- Maryland: In 2020, Maryland passed its AI-employment law, called H.B. 1202. H.B. 1202 prohibits employers from using facial recognition technology during an interview for employment to create a facial template without consent. Consent requires a signed waiver that states: (1) the applicant’s name; (2) the date of the interview; (3) that the applicant consents to the use of facial recognition; and (4) whether the applicant read the consent waiver. Like the Illinois law, the Maryland law does not include a specific penalty or fine.
- Other Legislation: Several bills introduced across the United States show active efforts to regulate the use of AI. For example, in Washington, D.C., the Stop Discrimination by Algorithms Act (B24-0558) sought to restrict the use of algorithms that make decisions based on protected personal traits. In Massachusetts, MA H.B. 136 sought to require certain “data aggregators” using automated technology to perform: “(i) continuous and automated testing for bias on the basis of a protected class; and (ii) continuous and automated testing for disparate impact on the basis of a protected class.” While both bills appear to have died in chambers, similar bills are likely to resurface in the future. Finally, many states are creating councils to oversee AI and new regulations. In Texas, for instance, H.B. 2060 would establish the Artificial Intelligence Advisory Council to monitor Texas state agencies’ use of AI systems. In 2020, the Texas Workforce Commission allegedly was “able to clear its backlog of unemployment claims with a chat bot.”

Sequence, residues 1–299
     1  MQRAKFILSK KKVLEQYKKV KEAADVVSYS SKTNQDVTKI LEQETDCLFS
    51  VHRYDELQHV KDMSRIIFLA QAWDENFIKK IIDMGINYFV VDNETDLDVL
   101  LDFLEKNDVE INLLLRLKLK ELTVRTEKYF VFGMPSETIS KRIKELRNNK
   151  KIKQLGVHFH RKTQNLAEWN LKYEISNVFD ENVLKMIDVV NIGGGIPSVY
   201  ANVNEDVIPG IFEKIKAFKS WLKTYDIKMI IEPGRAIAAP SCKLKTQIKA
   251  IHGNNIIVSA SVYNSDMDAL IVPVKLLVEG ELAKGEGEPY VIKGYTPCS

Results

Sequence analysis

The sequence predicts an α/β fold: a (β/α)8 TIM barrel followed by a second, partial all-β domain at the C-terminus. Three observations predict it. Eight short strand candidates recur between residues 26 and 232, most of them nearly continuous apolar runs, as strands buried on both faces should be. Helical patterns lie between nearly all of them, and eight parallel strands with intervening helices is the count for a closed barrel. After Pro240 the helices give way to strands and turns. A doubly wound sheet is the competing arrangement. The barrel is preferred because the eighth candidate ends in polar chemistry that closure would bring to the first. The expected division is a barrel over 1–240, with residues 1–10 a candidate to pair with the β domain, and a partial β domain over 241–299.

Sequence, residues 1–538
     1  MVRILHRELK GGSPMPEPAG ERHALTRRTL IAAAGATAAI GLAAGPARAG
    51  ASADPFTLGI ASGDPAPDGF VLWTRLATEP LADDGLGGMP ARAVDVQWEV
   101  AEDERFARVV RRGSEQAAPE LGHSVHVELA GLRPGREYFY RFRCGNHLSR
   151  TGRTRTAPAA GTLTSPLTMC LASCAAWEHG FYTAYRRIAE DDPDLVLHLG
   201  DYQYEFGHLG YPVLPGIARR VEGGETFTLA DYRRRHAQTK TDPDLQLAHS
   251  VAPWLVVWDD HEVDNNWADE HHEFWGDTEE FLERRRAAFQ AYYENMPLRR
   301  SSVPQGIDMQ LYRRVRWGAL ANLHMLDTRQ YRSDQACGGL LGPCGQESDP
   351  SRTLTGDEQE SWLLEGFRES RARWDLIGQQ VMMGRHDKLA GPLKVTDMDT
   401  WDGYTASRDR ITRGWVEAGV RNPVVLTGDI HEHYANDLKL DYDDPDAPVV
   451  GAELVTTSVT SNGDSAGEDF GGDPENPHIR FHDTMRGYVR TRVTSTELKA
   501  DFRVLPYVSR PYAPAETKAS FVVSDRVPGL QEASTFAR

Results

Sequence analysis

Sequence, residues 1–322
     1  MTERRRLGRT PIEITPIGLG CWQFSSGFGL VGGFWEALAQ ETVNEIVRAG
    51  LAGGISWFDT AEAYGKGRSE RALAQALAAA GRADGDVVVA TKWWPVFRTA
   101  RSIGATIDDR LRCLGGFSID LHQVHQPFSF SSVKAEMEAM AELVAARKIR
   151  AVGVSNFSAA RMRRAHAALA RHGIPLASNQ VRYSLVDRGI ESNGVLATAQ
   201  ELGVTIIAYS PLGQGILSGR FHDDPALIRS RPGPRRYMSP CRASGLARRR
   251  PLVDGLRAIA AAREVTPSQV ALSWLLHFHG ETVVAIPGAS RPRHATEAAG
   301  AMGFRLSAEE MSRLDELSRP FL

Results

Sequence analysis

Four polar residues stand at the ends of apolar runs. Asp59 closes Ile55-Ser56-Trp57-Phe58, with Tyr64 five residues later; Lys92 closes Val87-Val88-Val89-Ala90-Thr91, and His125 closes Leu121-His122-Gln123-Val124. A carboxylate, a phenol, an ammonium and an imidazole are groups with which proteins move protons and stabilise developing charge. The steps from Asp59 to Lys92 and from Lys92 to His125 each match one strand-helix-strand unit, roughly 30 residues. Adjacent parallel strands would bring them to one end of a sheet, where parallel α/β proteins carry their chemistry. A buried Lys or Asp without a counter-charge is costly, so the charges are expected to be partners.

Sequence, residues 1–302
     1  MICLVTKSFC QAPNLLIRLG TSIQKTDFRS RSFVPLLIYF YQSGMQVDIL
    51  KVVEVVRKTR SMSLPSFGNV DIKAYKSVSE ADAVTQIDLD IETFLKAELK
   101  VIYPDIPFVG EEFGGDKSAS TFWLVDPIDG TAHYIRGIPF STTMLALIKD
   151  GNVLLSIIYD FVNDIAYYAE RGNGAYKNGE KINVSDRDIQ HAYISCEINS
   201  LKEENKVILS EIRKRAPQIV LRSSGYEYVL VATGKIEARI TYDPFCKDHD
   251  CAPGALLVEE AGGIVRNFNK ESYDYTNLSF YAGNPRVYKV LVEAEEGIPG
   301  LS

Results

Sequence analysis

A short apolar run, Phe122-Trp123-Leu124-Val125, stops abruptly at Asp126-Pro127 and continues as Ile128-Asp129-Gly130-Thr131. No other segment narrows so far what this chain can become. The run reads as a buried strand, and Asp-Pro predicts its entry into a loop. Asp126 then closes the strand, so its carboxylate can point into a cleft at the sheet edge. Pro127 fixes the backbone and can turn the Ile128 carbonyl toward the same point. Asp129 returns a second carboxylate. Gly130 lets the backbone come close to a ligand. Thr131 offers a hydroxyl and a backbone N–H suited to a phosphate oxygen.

- European Union: AI regulation is not limited to the United States. In April 2021, the European Commission proposed the Artificial Intelligence Act, which could transform AI regulation in much the same way that the General Data Protection Regulation transformed data privacy. The EU’s proposed AI Act focuses on accountability, transparency, user rights and risk assessment, with regulations adapting to the AI technology’s risk tier: unacceptable, high, limited and minimal. Some countries, including Italy, have outright banned certain forms of AI.